December 26, 1982


[opening remarks] Holy Mass for the Fatherland on December 26 1982 was celebrated by Fr. Jerzy Popieluszko who delivered the sermon.

We stand, at the altar of Christ united in the prayer for our Country and those who suffer for her most.  In the month of December especially, pain, suffering and hope are intertwined.  Pain – because the anniversaries of our brothers and workers whose lives were taken in 1970 and 1981 are fresh in our minds.  Suffering – because many of our brothers and sisters remain behind prison gates.  Hope – that in spite of everything, we will work for the true good of our Country and we shall feel that we are its managers.  Hope, even betrayed, never dies.  Joy – because here God Himself comes down to man as a child in a manager in Bethlehem, to give strength to the people of good will in their battle for good, freedom and justice.

                We place all these concerns and our joy on Christ’s altar asking that He transforms them into the grace of enduring in the hope of victory of good against evil.  We especially join our hearts with those, interned a few day ago arrested today, who have sent us the following greetings:

In these days of Christmas we are particularly united by the firm bond of human identity.  In spite of being apart, our hearts and thoughts are with you present here with us, and we concelebrate this Holy Mass and the common prayer to God for happiness for everyone in our Country.  We are apart in body against our will but, in our desire to serve good and to fight evil, we united in the spirit of solidarity.  May God aid us!

Interned Members

Of National Committee of “Solidarity”,

Bialystock, 12/20/1982

 

[homily]

“And when John Paul said – Fatherland – there was no shallow passion in it, rather the weight of the many difficult centuries of our past…”

Today we want to talk about the past year using the words of the Holy Father, His prayers, which He delivered on many occasions to the mother of God for the intention of His countrymen.  In the words of the great prayer of this entire year of martial law, He enclosed all His pain, all His suffering, as the nation’s best son.  He was, and continues to be, the one who strengthens in us the hope that evil, force, hate, lies and disregard for human dignity, must be defeated.  He encourages us to fight in the defense of basic human rights.

In January, this year, He turned in prayer to Our Lady of Jasna Gora with these words: “Why, for this six hundredth anniversary, they declared a state of martial law in a country which is a fee and sovereign nation?”¹.  And answering to the Christmas letters from those interned, He prayed: “Be with us as we are with You”:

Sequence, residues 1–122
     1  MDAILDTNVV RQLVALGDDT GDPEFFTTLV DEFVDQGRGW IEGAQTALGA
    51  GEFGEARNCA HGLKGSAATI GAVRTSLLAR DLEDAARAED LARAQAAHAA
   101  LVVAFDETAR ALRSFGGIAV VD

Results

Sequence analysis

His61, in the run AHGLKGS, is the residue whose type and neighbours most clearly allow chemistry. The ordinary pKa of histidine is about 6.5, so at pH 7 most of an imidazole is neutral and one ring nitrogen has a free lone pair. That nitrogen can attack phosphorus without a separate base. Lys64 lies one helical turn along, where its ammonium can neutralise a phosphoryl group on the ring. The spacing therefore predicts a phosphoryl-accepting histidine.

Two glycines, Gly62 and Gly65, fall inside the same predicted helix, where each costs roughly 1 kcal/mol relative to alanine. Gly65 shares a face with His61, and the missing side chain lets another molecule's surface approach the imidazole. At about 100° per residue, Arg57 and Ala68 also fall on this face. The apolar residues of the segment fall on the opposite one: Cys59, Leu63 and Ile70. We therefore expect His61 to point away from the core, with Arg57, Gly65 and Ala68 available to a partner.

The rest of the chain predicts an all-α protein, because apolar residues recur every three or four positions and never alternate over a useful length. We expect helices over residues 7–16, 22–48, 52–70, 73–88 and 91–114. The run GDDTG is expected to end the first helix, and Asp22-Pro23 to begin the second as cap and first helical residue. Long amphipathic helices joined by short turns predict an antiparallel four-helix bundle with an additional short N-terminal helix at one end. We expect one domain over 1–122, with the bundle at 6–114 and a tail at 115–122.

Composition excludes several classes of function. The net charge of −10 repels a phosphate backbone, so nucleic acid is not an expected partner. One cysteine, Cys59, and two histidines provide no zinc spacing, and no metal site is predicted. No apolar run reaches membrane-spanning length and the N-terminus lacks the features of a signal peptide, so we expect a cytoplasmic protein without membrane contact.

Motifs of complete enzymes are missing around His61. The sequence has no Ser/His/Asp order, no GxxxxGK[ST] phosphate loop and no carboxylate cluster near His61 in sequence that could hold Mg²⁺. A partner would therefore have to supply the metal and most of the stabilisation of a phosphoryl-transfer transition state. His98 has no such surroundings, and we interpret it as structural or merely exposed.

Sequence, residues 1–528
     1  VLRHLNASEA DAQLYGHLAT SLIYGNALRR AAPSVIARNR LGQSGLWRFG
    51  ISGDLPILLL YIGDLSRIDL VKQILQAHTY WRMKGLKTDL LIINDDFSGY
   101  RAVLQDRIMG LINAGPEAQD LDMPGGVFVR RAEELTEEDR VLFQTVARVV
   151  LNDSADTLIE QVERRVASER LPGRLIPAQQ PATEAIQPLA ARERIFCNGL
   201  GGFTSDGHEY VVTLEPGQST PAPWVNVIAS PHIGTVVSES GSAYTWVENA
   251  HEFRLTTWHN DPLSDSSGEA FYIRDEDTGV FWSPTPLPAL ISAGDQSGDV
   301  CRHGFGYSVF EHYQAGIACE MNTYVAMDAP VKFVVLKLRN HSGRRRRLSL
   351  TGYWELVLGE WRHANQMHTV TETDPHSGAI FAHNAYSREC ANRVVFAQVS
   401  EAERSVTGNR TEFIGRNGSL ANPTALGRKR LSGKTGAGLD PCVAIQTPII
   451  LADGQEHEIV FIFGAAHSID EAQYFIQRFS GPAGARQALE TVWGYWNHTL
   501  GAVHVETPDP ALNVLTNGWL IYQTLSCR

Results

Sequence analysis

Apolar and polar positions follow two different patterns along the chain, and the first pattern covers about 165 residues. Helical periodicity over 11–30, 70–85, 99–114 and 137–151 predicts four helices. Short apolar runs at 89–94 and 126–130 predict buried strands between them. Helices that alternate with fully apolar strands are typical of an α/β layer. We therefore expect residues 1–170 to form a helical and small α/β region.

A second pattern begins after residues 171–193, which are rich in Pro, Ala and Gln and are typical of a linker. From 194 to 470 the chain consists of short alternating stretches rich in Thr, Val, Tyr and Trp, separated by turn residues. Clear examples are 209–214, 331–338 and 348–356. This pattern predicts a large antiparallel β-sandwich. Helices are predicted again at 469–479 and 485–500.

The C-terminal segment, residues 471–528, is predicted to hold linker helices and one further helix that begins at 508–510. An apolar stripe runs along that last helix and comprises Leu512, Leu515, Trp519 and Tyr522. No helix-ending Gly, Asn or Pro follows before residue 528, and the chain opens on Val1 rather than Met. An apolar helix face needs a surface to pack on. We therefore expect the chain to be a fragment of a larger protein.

Be with us, be with us – the imprisoned, the condemned to solitude without trial, be with all who suffer because of the imprisonment of their closest relatives.  Oh Mother, you do remember that You, Yourself, was also imprisoned.  Your Jasna Gora portrait was once retained on its way to Poland, but it was eventually freed.  Mother, we beg You to help all who have been unjustly imprisoned, give them back their freedom.²

                In February, after returning from Africa, He said to the Poles:

I will never forget the large square in Kaduna in Nigeria where I have blessed black deacons: among the hundreds of thousands there, was a group of Poles who raised a red and white banner with the word “Solidarity” on it.  ³

                Then He explained:

“Solidarity” is not just a name of concerns – above all, concerns for people interned or arrested, concerns about each day in our country, concerns for the respect for man and the sovereignty of the nation.  “Solidarity” is not just a name of a concern.  It is the name of unity and togetherness… “Solidarity” is the deep, hard challenge which Polish people undertook in the eighties.  This painful, difficult challenge is going through a painful purification.⁴

                Unfortunately, this painful purification was interrupted in October

                In one of the prayers in March, Hold Father used the words of Polish bishops emphasizing that the ingredients of social agreement are:

(…) the ruling powers and the honest representatives of social groups.  Honest Representatives.  One cannot here exclude the representatives of the, at the moment suspended labor unions, among them the widely acclaimed by the citizens Independent Union “Solidarity”.⁵

 

Today we know that the national agreement will be much more difficult to attain as the Union, which has been supported by millions, has been abolished by martial law.  And it is so hard for us to have faith in a situation when the people whom the world of labor trusted, having been guaranteed freedom by the Act of Abolition, were interned, and a few days ago arrested.  And, when instead of internment, our brothers were offered exile from their own country, the Apostolic Seat sent forth a clear and powerful words of prayer:

 

Today, as our Nation goes through another test, we loudly call out to You, Our Mother of Jasna Gora: Poland cannot deny space to Her own.  Every human being has the right to his country of birth.  No one can be condemned to emigration.⁶

On the anniversary of the attempt on His life, he said tearfully: